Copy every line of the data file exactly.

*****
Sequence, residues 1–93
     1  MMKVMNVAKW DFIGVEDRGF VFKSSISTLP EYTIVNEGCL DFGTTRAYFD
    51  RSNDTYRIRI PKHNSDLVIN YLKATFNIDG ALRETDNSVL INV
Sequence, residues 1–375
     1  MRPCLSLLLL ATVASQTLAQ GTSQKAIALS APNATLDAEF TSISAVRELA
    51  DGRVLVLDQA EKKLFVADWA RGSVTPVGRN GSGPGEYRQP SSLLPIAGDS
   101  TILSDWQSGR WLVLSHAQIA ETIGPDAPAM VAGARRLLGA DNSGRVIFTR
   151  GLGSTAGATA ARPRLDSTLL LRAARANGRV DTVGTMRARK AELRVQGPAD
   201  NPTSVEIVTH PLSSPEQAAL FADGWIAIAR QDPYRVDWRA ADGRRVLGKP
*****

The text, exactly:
Sequence, residues 1–93
     1  MMKVMNVAKW DFIGVEDRGF VFKSSISTLP EYTIVNEGCL DFGTTRAYFD
    51  RSNDTYRIRI PKHNSDLVIN YLKATFNIDG ALRETDNSVL INV
Sequence, residues 1–375
     1  MRPCLSLLLL ATVASQTLAQ GTSQKAIALS APNATLDAEF TSISAVRELA
    51  DGRVLVLDQA EKKLFVADWA RGSVTPVGRN GSGPGEYRQP SSLLPIAGDS
   101  TILSDWQSGR WLVLSHAQIA ETIGPDAPAM VAGARRLLGA DNSGRVIFTR
   151  GLGSTAGATA ARPRLDSTLL LRAARANGRV DTVGTMRARK AELRVQGPAD
   201  NPTSVEIVTH PLSSPEQAAL FADGWIAIAR QDPYRVDWRA ADGRRVLGKP